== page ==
Project: Somes Sound House
Architects: Matthew Baird Architect
General contractor: Chris Parsons Builder
Location: Mount Desert Island, Maine, United States
Completion date: August 2017
Project size: 1,885 square feet
Photography: Elizabeth Felicella
Text by Matthew Baird Architect
A family with two young boys, wanted a vacation house built on undeveloped land near Acadia National Park. The property is in a remote forest at the end of a peninsula, with eastern views to the mountains and western views across Somes Sound. Tall spruce and pine trees contrast against the sea, and the ground is covered with granite outcroppings, moss, and lichen that roll down to the water’s edge. For the program, the brief required four to five bedrooms and three baths. A modest structure that would sit lightly on the ground was desired.
The Somes Sound house is composed of two volumes in an L-shape formation. The structures are separated by a breezeway. To accommodate the family during the colder seasons, the main volume is winterized; the second is a sleeping wing for summer use. The primary structure, where the main bedrooms are located, is sloped, low, and horizontal at the water side; it rises to a vertical and solid expression at the eastern, mountain side of the house. A small sleeping loft is tucked into the eaves of the open plan kitchen, dining, and living room. A deeply cantilevered overhang protects the living room glazing from the western sun in the summer and provides a cover for rainy days.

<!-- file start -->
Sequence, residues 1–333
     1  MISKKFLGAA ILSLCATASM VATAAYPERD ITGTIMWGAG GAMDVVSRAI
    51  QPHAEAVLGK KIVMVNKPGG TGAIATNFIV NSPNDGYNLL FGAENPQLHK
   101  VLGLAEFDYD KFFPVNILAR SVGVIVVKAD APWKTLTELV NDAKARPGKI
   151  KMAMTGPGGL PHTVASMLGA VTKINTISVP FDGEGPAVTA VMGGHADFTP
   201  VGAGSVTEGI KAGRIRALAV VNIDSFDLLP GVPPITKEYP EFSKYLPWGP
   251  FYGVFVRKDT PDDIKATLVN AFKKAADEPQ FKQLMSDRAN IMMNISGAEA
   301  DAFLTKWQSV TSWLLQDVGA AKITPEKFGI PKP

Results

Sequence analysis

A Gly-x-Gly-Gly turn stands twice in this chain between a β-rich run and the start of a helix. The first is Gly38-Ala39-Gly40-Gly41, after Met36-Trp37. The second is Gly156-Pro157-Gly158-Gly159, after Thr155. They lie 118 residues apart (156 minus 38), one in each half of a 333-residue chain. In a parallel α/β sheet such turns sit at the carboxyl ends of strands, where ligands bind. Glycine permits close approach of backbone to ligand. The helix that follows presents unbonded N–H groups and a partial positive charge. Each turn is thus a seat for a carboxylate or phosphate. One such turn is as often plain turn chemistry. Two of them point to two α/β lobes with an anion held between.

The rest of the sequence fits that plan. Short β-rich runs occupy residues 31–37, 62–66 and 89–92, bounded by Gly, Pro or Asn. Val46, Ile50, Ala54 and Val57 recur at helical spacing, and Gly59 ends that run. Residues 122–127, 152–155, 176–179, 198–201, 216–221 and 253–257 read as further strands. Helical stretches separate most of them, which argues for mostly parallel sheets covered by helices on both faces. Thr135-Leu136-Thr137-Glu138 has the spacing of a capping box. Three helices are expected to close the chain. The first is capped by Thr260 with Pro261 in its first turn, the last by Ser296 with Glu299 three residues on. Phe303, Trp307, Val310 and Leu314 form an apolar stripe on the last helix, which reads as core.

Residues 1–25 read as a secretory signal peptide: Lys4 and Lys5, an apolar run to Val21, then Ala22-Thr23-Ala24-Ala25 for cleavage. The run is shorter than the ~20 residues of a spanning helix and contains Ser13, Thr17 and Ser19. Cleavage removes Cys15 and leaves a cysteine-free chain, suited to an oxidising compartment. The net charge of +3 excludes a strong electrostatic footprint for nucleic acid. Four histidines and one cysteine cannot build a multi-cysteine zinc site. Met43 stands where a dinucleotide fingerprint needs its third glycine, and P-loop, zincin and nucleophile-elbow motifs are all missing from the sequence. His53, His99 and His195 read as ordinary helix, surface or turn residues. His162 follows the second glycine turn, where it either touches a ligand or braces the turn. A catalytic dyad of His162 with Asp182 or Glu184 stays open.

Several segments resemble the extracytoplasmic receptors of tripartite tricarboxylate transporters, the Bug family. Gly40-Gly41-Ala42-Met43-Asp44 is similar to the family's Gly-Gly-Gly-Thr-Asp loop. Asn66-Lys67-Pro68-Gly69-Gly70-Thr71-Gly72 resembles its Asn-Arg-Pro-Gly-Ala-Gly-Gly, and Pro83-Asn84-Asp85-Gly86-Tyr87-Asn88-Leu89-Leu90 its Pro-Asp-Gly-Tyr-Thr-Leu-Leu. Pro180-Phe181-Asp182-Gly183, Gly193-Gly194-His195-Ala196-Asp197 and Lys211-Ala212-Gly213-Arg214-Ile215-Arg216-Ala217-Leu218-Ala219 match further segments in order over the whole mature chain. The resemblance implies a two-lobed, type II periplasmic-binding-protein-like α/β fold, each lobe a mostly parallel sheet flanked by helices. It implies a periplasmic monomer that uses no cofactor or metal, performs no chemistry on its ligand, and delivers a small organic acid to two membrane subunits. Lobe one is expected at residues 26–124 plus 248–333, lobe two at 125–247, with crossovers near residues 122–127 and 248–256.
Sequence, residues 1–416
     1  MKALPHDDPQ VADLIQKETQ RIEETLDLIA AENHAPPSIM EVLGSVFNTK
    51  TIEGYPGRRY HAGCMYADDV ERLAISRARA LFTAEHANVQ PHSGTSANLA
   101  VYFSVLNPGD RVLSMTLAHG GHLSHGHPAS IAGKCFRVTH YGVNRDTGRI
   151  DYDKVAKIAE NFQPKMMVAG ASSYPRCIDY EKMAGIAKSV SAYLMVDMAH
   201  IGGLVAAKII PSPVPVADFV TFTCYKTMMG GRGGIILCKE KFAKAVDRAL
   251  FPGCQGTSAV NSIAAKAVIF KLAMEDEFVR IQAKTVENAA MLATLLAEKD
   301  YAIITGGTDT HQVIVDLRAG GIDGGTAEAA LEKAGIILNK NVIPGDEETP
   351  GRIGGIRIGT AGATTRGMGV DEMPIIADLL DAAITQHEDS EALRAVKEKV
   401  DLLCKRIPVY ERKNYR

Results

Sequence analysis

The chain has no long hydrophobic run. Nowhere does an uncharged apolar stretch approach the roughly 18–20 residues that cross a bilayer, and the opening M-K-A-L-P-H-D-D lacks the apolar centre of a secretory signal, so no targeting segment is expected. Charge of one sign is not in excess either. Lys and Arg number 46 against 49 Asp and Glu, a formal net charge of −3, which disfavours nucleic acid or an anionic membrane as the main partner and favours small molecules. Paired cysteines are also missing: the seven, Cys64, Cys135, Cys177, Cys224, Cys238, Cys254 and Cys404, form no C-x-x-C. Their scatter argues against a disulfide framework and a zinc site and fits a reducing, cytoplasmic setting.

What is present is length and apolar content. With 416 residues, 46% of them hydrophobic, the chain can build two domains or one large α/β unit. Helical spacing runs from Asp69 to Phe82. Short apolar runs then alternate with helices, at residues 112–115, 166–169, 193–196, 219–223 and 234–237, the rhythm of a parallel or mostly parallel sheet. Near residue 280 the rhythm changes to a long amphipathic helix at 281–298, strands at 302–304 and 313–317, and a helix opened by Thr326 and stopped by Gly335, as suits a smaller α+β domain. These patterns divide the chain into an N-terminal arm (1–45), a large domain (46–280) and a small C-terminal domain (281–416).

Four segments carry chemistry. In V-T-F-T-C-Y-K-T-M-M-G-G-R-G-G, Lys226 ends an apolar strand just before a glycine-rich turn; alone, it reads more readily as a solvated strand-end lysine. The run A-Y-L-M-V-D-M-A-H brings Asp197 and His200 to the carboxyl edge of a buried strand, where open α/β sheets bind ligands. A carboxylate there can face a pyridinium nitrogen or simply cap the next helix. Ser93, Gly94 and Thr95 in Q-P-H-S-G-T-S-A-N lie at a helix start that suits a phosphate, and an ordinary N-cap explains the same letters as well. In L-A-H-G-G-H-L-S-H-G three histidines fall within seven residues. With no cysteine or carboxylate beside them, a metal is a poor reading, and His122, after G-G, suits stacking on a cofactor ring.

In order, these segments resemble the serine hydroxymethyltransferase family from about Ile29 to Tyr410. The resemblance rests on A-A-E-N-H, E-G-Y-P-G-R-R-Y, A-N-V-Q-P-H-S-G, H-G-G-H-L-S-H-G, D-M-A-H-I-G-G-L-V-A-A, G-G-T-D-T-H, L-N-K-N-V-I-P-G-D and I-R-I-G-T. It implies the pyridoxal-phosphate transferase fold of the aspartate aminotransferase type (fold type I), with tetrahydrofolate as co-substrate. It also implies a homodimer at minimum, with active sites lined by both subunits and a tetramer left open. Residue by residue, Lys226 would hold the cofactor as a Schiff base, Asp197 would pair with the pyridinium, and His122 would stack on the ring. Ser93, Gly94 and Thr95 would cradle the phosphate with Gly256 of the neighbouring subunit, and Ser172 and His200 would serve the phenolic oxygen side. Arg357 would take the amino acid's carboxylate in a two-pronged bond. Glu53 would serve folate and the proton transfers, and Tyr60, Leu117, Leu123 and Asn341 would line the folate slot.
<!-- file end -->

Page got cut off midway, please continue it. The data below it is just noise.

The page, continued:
The summer wing comprises two sleeping units connected by a shared bathroom. The circulation is outside, protected by a rudimentary porch, which affirms the simple idea of shelter while engaging the surrounding scenery. Located at the farthest end of the southwest wing is an isolated studio, which offers views to the wooded landscape and the sea.
Accommodating specific island geology, the Somes Sound house was built on stilts doweled to the ledge of this former granite quarry. The exterior is clad with eastern white cedar shakes and has windows made of plantation mahogany. There are no painted surfaces on the exterior; the house is designed to weather naturally over time. Inside, the framing is exposed in a simple rustic expression that is both minimalist and utilitarian. Careful thought was given to the removal of each tree on the site; those that were taken down were milled into planks and integrated as cladding for walls and ceilings. On the exterior, trimless detailing and simple eaves accentuate the craft of the shingle work.